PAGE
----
Each year around Thanksgiving, children parade a few blocks from the Granville Elementary School to Broadway to decorate fresh-cut pine trees on the village’s main street with ornaments they made in school.
It’s a tradition stretching back decades. Parents and grandparents show up to walk with the students and snap photos. And from that day until Christmas, little children can be overheard on Broadway proudly telling their friends and family that “I made that!” Or that “I helped decorate that tree!”
But this year, for the first time anyone can remember, one of the trees went missing. The report was filed at 12:51 p.m. on Thursday: One of the beloved downtown Granville Christmas trees had been stolen!
Who in the name of Whoville would do such a thing? Did they know that little children made the decorations, some of which fell from the tree as it was being lifted from its mooring near one of the downtown churches?
“It was a couple of young men who imbibed a little too much and made a silly mistake while in a really good mood,” said Granville Police Chief Bill Caskey.
Such a case is not typical detective work for his department.
“I believe it was a first,” Caskey said.
But within a few hours, Granville police officers had found the tree in the Denison University dorm room of the two young men.
“The tree has been returned, along with the ornaments that were on it,” Caskey said. “They have issued an apology to the children.”
For the first-graders who made the ornaments on the tree, it must have been at least a little confusing. Many of them know Denison students as volunteers and teachers-in-training who come to their classes and read to them or help them with lessons, or as volunteer coaches of their sports teams, or as the singers and musicians who join them at concerts during the annual Christmas Candlelight Walking Tour.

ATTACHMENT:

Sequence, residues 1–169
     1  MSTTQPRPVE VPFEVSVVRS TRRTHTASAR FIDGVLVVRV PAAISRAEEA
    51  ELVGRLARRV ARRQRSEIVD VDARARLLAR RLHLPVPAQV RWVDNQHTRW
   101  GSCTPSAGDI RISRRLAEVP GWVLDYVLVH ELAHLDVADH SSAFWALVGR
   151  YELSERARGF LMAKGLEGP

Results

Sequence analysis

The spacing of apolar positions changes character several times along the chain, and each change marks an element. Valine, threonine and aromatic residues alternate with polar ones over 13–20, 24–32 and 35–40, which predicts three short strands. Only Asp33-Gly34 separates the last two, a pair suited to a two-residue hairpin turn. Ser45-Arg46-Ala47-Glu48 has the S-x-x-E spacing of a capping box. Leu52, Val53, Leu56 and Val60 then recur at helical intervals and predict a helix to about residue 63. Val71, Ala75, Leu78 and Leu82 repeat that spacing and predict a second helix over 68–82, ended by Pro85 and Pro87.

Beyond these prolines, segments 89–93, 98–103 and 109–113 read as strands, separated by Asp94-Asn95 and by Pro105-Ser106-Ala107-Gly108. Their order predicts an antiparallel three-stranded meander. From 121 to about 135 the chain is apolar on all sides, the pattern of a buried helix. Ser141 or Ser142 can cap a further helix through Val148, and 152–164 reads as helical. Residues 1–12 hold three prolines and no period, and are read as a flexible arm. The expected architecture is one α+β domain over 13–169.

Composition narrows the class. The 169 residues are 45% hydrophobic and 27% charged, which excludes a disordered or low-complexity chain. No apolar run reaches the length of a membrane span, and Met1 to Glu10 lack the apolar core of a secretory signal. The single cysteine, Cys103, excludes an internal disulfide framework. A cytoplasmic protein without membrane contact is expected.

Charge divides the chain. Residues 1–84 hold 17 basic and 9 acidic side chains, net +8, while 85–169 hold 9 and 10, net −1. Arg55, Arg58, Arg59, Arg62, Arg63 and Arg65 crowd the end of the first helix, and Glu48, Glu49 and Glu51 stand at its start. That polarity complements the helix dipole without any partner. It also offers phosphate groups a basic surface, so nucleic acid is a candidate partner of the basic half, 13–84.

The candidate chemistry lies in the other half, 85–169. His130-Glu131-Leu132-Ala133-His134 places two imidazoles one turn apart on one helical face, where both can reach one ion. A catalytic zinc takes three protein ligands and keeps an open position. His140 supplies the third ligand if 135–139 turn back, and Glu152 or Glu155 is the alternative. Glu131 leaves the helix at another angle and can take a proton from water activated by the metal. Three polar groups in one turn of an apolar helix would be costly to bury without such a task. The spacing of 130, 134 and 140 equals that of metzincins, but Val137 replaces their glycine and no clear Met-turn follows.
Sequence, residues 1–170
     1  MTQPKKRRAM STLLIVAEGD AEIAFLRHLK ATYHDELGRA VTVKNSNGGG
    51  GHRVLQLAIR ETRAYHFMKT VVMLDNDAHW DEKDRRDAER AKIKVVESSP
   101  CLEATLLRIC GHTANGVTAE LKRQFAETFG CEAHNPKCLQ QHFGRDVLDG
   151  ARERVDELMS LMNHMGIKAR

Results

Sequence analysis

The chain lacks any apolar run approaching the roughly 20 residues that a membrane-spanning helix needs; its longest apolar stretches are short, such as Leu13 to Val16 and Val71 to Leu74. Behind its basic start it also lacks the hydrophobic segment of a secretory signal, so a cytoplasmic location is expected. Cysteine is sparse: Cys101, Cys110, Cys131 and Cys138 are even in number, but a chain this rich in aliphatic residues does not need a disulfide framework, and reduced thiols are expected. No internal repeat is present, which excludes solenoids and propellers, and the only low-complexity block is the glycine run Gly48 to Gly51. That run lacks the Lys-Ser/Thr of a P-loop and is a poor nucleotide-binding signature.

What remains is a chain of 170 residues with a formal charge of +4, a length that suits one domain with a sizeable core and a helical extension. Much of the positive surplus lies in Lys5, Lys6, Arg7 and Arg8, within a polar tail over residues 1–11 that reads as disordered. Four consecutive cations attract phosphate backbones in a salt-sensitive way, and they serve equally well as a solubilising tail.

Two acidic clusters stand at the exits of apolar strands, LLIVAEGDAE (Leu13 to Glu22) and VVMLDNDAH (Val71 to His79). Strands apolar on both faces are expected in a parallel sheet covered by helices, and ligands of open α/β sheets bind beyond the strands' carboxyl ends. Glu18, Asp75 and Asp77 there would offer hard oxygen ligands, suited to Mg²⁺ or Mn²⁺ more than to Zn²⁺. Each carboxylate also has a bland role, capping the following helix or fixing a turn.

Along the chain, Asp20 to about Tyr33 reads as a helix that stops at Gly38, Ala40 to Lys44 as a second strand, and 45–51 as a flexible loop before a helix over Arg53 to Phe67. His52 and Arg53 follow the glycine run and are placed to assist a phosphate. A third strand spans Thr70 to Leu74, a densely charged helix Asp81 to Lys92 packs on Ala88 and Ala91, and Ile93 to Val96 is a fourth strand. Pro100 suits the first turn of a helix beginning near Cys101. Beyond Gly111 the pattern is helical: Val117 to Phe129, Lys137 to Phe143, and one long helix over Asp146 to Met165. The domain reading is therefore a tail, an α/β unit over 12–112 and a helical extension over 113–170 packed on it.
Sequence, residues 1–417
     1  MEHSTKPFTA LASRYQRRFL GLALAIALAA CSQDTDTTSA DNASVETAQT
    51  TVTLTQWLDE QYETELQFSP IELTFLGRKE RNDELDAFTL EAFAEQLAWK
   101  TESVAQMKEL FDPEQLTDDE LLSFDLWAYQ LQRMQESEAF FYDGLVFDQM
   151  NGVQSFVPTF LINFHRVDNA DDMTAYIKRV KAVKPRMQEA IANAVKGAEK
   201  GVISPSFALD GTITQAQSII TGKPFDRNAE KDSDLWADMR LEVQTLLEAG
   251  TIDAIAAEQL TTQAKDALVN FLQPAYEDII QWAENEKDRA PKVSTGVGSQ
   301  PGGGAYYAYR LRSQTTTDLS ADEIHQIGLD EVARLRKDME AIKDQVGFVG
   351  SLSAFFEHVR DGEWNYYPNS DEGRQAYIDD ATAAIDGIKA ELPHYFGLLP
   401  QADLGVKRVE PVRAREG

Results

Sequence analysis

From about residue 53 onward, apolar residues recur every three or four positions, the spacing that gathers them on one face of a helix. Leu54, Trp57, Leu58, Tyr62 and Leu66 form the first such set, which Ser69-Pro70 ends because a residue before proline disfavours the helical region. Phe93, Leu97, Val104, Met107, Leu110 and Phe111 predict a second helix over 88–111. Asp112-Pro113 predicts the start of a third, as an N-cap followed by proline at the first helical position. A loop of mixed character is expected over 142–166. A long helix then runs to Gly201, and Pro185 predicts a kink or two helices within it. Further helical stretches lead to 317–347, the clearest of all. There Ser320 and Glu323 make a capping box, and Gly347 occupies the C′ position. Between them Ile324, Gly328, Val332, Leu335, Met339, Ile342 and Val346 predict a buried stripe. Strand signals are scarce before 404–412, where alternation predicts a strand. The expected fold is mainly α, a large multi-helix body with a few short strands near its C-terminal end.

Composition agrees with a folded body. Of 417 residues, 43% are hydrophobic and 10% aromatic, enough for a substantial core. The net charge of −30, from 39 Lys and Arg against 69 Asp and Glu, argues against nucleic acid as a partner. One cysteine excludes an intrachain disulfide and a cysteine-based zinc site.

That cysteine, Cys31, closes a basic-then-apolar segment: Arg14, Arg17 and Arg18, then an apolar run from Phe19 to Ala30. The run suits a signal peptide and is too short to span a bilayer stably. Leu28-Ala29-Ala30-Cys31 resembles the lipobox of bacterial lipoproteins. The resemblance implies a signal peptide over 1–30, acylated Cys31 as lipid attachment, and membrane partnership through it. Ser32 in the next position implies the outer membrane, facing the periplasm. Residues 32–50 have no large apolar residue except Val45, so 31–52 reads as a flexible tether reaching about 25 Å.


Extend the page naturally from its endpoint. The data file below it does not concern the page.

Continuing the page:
Jeff Brown, superintendent of Granville Exempted Village Schools, said that two people went to the elementary school Friday to apologize.
“When they realized young children were involved, they were very remorseful,” Brown said. “The fact that there was responsibility taken and an effort to rectify this says a lot.”
Chief Caskey said it clearly was a life lesson for the young men who took the tree.
“Both seem to be really nice people. They felt really bad about it,” he said, adding that they were charged with disorderly conduct and, like many first-time offenders, will have the opportunity to enter a program that will allow them to do community service that could result in the charge being erased from the record.
“They made a stupid mistake, and they took responsibility,” the chief said. “As far as I’m concerned, it’s resolved.”